luvdat
07-25-2010, 02:20 PM
My 14 year old laminate Mahalo for the first few years was my favorite 'ukulele even more so than my koa Kumalae because I didn't have to worry about playing a 80 year old antique. For various reasons I cooled off on my 'ukulele playing until I moved back to Oahu from Maui 3 years ago. Moving back into the old homestead reminded me of my Dad and his Kamaka pineapple playing days so I picked up a few solid wood pineapples, and my the Mahalo sat neglected for a year. Then two years ago I decided I needed a beach/boat/truck/camp 'ukulele so restrung the old Mahalo with Aquila Nylguts and she sounded better than ever before, and I had an 'ukulele I could keep in my vehicles or lend out without fear. I forgot how that cheap little 'ukulele years ago help me reconnect with my Dad even though on a very tight budget. It always sounded better than $45.00 of 'ukulele should. I rediscovered an old friend. ;)

Beautiful, Ji!!! Thanks for sharing that.

mwaller
07-25-2010, 02:33 PM
Anyone else out there start out loving a uke, then finding fault, disliking it, then "working things out" till it became a keeper?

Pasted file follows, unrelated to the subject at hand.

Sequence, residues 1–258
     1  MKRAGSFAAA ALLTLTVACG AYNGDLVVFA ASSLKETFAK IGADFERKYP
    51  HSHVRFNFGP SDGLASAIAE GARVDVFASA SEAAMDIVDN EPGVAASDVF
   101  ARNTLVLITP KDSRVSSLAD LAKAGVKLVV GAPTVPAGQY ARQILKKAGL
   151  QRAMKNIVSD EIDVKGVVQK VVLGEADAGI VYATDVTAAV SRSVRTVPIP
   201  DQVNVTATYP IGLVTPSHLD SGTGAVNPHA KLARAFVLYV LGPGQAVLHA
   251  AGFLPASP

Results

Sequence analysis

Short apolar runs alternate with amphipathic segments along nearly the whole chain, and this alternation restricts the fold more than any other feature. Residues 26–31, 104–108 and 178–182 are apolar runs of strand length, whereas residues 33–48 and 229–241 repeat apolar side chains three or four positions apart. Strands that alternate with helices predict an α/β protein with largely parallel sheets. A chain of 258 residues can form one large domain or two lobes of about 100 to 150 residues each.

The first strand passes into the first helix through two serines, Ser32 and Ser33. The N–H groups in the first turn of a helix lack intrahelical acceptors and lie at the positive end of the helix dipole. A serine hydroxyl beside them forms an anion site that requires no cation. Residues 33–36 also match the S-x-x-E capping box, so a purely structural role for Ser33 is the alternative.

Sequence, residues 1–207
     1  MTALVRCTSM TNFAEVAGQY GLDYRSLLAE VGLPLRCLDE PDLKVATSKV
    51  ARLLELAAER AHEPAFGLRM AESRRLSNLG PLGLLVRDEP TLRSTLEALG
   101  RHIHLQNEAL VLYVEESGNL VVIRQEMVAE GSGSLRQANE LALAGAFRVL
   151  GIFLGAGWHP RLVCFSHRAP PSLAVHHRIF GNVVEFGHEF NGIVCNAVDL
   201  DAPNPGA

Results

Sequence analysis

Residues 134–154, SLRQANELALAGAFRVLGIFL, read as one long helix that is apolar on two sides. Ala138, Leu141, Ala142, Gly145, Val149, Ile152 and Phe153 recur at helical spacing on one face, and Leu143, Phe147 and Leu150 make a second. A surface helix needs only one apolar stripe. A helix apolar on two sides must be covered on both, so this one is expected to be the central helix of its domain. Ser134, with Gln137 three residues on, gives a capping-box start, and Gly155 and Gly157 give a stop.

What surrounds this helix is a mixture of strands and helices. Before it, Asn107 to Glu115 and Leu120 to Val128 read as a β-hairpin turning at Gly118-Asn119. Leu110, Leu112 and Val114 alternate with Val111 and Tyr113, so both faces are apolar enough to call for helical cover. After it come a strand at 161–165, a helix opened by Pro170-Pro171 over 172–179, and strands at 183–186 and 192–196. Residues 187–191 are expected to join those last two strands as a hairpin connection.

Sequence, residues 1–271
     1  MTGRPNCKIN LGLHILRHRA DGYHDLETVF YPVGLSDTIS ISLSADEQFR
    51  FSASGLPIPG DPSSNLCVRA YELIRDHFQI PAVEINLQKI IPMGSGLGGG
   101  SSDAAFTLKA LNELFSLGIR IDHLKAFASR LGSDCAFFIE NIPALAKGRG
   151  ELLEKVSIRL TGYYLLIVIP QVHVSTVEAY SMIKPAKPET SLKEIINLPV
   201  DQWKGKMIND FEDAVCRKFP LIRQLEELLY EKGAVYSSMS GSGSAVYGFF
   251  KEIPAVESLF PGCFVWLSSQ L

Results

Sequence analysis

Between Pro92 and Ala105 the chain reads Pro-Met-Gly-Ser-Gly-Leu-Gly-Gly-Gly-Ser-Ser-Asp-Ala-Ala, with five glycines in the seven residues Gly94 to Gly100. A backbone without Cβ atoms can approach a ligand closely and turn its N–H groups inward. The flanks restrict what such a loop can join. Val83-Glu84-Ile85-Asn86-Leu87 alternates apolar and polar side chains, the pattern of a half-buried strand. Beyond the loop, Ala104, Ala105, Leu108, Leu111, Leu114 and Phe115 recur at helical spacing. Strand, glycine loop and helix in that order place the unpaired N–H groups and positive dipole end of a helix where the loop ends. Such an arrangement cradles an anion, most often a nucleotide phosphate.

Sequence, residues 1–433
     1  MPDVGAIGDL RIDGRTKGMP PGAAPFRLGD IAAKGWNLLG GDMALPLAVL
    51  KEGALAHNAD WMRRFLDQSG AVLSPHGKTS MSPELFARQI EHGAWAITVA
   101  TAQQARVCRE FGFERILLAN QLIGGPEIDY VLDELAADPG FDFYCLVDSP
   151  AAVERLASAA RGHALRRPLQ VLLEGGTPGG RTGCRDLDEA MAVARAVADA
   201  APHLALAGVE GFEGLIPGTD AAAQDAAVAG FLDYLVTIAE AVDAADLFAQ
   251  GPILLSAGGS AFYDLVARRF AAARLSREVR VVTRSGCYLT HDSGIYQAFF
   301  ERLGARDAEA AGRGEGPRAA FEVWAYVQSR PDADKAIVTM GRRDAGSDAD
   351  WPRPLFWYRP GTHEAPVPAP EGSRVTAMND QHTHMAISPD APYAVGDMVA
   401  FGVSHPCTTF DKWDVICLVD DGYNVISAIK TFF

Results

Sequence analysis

This happened with me with a Lanikai S-T...after several slight adjustments...

Same thing happend with my first uke - a custom koa LoPrinzi that I bought used. At first, I was enamored with the beauty of the wood and smooth, mellow sound. Once I actually learned to play a song or two, I quickly realized 1) buzzing on certain notes drove me crazy, and 2) the instrument lacked tonal clarity when strummed.
As it turns out, the neck was slightly warped. I sent the instrument to LoPrinzi to have the fretboard planed and refretted. That solved issue #1. After much experimentation, I found a set of strings that just "worked" with the instrument (Savarez rectified nylon strings). That solved issue #2. Now it's a keeper!
Mika